Icelandic government survives no confidence vote
Iceland's parliament late Wednesday narrowly rejected a no confidence proposal against the government just days after its plan to repay foreign creditors of the failed Icesave bank was defeated by referendum.
Following a more than five-hour parliamentary debate, the proposal was voted down shortly before 2200 GMT, with 32 votes against and 30 in favour, with one member of the 63-seat Althingi abstaining.
"This was close, but it was a majority ... I'm happy the discussion took place," a relieved Prime Minister Johanna Sigurdardottir said after the result was announced.
A separate motion calling outright for the government to be dissolved and new elections to be called was meanwhile easily defeated, with 36 votes against, 22 in favour and five abstaining.
The votes came just four days after nearly 60 percent of Icelandic voters rejected a government and parliament-backed plan to refund 3.9 billion euros ($5.6 billion) to Britain and the Netherlands for money they spent on compensating 340,000 of their citizens who lost money on Icesave.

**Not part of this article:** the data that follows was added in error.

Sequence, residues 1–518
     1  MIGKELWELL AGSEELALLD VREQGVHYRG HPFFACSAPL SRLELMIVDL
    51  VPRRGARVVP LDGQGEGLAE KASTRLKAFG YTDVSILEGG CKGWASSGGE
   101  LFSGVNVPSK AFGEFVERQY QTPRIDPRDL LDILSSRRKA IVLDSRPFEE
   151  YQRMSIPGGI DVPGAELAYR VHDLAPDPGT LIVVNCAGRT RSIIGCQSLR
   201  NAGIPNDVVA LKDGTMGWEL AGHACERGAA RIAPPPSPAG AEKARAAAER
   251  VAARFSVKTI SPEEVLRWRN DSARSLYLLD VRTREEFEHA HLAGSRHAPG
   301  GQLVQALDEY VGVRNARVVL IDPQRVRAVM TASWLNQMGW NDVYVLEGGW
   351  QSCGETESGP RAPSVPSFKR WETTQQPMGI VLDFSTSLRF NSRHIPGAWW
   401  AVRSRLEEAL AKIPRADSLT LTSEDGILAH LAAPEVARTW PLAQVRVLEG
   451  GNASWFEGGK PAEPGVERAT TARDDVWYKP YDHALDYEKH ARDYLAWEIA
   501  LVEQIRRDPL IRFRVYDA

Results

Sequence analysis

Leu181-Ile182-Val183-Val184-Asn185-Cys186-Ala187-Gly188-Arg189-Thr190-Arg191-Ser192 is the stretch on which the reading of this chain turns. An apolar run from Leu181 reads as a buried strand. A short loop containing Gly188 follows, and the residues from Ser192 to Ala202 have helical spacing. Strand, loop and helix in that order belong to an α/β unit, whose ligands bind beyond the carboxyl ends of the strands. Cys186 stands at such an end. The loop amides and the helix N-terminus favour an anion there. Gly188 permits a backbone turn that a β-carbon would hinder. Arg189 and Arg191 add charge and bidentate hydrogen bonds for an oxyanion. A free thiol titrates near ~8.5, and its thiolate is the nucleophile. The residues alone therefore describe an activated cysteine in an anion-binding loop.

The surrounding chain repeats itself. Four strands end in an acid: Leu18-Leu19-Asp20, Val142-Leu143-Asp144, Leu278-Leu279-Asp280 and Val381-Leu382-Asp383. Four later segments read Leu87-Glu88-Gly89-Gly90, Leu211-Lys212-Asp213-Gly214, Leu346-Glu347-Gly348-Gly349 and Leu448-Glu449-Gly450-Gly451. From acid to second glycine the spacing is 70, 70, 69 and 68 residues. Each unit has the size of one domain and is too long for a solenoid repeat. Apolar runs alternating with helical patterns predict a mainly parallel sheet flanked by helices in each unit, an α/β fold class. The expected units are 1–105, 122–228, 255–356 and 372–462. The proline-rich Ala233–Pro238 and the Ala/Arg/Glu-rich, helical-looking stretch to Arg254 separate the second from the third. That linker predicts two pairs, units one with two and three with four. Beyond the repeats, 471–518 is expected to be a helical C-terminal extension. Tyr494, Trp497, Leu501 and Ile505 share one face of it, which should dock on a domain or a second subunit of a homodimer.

The online bank went under at the height of the global financial crisis in 2008.
The result -- the second referendum rejection of a repayment plan in just over a year -- has embarrassed the barely-majority government, since the parliament had approved the plan with a 70 percent majority.
Iceland's largest opposition party, the centre-right Independence Party which ruled the country for most of the past century, called late Tuesday for the vote of no confidence against the government, insisting the Icesave debacle showed Sigurdardottir's cabinet did not have the backing needed to rule.
"There is nobody in this country who has any trust in the government. The only thing possible is to force an election," Independence Party chief Bjarni Benediktsson said during Wednesday's debate.
Icelandic Finance Minister Steingrimur Sigfusson meanwhile said after the vote that he was "not worried about the state of the ruling government. Often before has a government pushed through with a bare majority."
He said he was especially "pleased there was a clear majority that rejected an election. I think it's important that there not be an election at this point."
Sigurdardottir's leftwing coalition, which is made up of her Social Democrats and the Left Green Party, now counts just 33 of the 63 seats in parliament after two Left Green MPs moved to the opposition as independents last month.
© 2011 AFP